Jones Day is working with NCMEC to develop systems and resources to provide and train advocates to represent the children and families who are victims of online child sexual exploitation. In addition, Jones Day teams led by former Assistant United States Attorneys are working with NCMEC and other NGOs across the country to identify civil restitution cases in which to provide representation for victims of online child sexual exploitation, and to explore innovative civil remedies for the most egregious cases.
We are also working to develop new resources, partnerships, and legal strategies to combat real-time online sexual exploitation of children, known as "livestreaming," in which online viewers can "direct" the abuse perpetrated on the child in real time and pay with cryptocurrencies.
Jones Day is leading a global effort to bring together investigators, prosecutors, NGOs, financial institutions, communications providers, judges, law enforcement, and pro bono counsel to create the global web of coordinated action necessary to take down the global networks that facilitate livestreaming of child sexual exploitation. Livestreaming is a transnational problem and Jones Day's worldwide reach provides a valuable asset in coordinating strategies to interdict this latest form of child sexual exploitation.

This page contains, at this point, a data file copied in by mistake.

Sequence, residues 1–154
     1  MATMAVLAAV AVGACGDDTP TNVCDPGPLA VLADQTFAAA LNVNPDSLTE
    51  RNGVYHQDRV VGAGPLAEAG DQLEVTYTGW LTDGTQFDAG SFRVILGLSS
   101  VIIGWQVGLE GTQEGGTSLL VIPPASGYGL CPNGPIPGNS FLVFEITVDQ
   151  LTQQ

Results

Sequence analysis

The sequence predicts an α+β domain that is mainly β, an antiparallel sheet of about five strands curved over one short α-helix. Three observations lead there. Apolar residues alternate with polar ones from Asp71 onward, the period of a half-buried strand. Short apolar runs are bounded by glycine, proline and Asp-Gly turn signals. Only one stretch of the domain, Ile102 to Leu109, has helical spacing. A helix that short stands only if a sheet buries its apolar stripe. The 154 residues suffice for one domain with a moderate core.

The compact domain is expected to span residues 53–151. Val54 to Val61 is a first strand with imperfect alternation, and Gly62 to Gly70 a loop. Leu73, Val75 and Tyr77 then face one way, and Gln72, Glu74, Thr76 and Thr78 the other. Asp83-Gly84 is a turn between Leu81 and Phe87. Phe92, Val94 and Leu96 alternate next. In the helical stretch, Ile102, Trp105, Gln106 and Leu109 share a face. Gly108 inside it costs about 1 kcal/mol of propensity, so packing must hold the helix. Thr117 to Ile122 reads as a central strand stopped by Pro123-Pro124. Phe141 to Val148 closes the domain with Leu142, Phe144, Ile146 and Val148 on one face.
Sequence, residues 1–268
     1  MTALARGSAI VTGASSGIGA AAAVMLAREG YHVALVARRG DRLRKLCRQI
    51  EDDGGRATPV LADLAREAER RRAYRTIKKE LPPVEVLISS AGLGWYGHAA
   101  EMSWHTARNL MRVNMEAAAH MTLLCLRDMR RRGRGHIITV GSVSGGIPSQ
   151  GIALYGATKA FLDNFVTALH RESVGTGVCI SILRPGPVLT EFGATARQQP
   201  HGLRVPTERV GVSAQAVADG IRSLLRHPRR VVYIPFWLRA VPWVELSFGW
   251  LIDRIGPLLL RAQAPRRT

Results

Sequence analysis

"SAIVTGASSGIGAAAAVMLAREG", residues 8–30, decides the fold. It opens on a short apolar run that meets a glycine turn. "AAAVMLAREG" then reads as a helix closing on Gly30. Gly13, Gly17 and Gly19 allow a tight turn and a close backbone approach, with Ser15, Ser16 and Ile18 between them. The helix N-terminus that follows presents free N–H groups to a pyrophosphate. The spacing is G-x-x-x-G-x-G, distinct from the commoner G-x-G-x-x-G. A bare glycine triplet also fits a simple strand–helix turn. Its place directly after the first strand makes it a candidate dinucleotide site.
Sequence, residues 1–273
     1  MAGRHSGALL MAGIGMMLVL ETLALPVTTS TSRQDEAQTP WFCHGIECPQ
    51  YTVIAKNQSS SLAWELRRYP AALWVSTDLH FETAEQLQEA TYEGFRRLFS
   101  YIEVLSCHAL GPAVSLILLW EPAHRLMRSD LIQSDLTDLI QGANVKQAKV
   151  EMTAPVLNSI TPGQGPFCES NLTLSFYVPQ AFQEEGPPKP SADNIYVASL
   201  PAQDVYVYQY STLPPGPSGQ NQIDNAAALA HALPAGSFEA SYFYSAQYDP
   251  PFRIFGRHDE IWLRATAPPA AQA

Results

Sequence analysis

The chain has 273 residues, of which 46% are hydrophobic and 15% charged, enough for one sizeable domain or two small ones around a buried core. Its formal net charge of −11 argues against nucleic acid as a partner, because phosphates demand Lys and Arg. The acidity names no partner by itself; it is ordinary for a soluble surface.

7. Health Care Initiatives
The health care sector is important to anti-human trafficking initiatives for two critical reasons beyond the actual health care treatment of trafficking victims. First, it has been estimated that more than 80% of trafficking victims will see a health care provider during the course of their trafficking, usually more than once. Second, recent reports suggest that more than 50% of the calls reported to the Polaris national hotline are from health care providers. Thus, health care providers are in an optimal position to identify and report trafficking. And they do.
Jones Day has developed a robust working partnership with our client the American Hospital Association ("AHA") to help health care providers identify, treat, and refer trafficking victims. In March 2017, we hosted a Houston Roundtable that addressed, among other issues, the lack of diagnostic codes for human trafficking within the health care sector (so-called "ICD-10 codes"). Other health-related conditions, such as domestic or child abuse, have such specific codes, which are important both to identify incidence of the underlying condition and to ensure the appropriate referral and treatment of such patients. The roundtable recognized that new ICD-10 codes would help direct human trafficking victims more consistently to appropriate therapeutic treatment and also allow the development of data on the incidence and prevalence of human trafficking. As with any policy issue, data drives resources and supports research. Because trafficking happens in the shadows, the lack of data on the incidence of trafficking has been an impediment to the development of public health and other solutions.